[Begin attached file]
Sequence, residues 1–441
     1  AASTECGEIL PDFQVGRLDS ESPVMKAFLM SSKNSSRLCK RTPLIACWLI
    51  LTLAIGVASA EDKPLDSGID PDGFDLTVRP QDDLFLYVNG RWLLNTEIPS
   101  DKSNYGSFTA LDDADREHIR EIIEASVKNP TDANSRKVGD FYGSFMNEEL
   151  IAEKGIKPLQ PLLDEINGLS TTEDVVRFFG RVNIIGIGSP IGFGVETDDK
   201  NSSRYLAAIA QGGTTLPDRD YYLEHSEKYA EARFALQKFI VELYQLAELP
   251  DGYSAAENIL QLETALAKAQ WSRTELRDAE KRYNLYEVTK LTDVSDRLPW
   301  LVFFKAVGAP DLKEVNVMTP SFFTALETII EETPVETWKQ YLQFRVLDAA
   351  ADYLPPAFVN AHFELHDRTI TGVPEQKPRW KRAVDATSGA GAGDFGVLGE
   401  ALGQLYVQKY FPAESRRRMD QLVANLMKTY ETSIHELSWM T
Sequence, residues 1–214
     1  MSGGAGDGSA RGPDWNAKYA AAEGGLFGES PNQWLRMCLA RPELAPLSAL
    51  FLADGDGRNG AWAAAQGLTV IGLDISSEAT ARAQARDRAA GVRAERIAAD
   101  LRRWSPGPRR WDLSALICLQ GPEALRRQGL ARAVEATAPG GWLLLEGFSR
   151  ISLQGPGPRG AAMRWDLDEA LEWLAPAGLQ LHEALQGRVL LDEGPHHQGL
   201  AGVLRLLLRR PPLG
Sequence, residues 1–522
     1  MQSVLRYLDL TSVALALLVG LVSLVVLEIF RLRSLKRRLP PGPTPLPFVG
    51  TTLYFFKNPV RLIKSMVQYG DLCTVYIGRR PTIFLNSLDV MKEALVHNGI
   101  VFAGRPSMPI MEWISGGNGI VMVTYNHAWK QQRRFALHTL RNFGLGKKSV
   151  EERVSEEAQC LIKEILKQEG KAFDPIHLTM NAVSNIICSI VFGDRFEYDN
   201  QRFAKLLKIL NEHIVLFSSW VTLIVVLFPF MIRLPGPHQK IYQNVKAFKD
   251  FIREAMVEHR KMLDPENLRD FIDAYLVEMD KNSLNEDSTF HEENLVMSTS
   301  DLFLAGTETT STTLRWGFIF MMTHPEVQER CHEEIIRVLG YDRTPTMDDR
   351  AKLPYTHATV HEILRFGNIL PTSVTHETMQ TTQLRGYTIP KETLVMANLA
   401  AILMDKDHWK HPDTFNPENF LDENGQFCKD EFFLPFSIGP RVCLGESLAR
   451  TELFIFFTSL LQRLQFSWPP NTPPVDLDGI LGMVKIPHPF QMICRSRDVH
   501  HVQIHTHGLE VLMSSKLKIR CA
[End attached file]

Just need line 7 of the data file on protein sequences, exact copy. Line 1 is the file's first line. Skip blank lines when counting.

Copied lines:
   251  DGYSAAENIL QLETALAKAQ WSRTELRDAE KRYNLYEVTK LTDVSDRLPW